Work of Bureau of Plant Industry
I will talk to you this afternoon in a wholly informal way and have made no attempt at preparation, but simply want to tell you in a few words something of the work that the Department of Agriculture is doing, and something of the work of the Bureau of Plant Industry, the bureau over which I have the high honor to preside, in its direct application to your own work.
As to the work of the department proper, I will say that we have under way many kinds of investigations, some of which are in very direct relation to your work. Briefly; we are spending in the aggregate about $6,000,000 a year in investigation. These investigations cover practically everything from the weather to the insects that destroy trees and plants and the insects that affect people. The Department of Agriculture was organized about forty years ago and in earlier days was a branch of the Patent Office. In the earlier days most of its work was in the distribution of seed, mainly Congressional seed. The department proper, fifteen years later, was made into a coordinate branch of the general Government. In 1888 it was made still higher and the Commissioner of Agriculture was made Secretary. The first Secretary was the Hon. J. M. Rusk. Since the organization of the Department in the form of a cabinet position, it has grown very rapidly, especially so during Secretary Wilson's incumbency, which has lasted eight years and is going on into the third term; something which has never happened before.
The Weather Bureau is concerned, as you probably know, with meteorological affairs and the weather. Some of the matters of the Weather Bureau are of interest to you more or less, but it is hardly necessary to dwell upon them here.
Animal Industry is another branch.
The Bureau of Forestry, which has been very greatly developed during the last six years, is another department. This bureau is doing work which some of you may be interested in, mainly in investigations relating to temperate zone forestry.
The purely horticultural work comes under the Bureau of Plant Industry, which I have the honor to represent.
Besides these we have the Bureau of Entomology, of which Dr. Howard has charge. This has relation to insects.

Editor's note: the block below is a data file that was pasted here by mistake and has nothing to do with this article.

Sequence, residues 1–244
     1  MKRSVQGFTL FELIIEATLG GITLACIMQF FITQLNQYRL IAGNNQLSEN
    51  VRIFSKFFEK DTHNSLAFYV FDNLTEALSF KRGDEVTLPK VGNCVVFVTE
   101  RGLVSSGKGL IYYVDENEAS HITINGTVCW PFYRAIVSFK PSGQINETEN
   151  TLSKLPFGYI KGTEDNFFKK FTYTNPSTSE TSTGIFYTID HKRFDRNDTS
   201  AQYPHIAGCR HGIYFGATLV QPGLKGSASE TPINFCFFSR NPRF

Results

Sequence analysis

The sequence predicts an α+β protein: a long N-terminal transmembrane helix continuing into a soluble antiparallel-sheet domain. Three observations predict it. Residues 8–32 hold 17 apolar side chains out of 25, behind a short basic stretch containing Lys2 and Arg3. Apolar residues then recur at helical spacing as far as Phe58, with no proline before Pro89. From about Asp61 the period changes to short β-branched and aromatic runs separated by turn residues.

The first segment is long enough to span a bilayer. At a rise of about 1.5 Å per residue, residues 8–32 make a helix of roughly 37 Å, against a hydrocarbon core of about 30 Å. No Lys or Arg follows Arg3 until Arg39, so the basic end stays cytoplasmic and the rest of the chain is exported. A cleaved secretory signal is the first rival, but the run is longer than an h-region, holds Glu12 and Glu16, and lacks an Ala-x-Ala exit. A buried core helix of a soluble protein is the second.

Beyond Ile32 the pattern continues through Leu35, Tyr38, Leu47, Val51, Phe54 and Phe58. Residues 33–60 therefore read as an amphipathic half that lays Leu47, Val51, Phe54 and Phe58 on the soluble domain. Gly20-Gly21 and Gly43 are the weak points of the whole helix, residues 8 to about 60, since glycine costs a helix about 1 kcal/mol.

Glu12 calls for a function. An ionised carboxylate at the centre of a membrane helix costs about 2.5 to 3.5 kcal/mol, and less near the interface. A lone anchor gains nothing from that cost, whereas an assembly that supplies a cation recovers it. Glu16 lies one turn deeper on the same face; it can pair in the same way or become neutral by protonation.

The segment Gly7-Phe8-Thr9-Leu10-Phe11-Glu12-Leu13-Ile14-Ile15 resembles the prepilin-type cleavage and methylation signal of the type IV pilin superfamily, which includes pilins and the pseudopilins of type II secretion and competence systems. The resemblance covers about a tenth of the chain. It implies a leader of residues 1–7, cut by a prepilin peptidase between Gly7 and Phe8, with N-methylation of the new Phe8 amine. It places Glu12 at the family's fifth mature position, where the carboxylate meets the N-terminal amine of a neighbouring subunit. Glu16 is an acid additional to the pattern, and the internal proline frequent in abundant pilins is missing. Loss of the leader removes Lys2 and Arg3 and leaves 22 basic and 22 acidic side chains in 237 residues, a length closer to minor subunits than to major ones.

Dr. Howard this past summer has been working with a view to finding a parasite to turn loose in connection with the foot and mouth investigation in the New England States.
The Bureau of Soils studies the soils; the physical parts of the soils; the relation of fertilization to plant growth, etc. These are the principal branches of the Department of Agriculture.
Taking up the work of the Bureau of Plant Industry proper, I will say that we cover a great many fields. We have something like a million dollars which we devote to investigation work and perhaps twenty-five percent of that is devoted almost exclusively to horticultural investigation. Coming within the scope of the Bureau is the Congressional seed distribution. That is a part of our work and as the Secretary sometimes puts it, one of our chores. I will tell you more about that later.
Now with reference to some lines of investigation that may be of interest to you, I will say that for the last six or eight years we have been making a special effort in regard to importing new plants, which will be of value. We ate looking for new trees, new grains, new shrubs and new plants of all kinds. A man has gone into China for the purpose of securing if possible new shrubs and trees. There are possibilities of production in this line which we have not grasped, especially in that part of the country. These men will go up into the mountains around Pekin and other sections of the country, where we expect to find many new varieties which can be brought into this country. We have also men in certain parts of temperate Africa and Japan. All these men are engaged in these investigations. They are all looking out constantly for new crops, new plants, suitable for lawn making. We have a number of such things which, of course, are of interest to the majority of you gentlemen and to those of you who are from the extreme West I will say that we are looking for crops which will make a covering for the ground and for trees which will be suitable.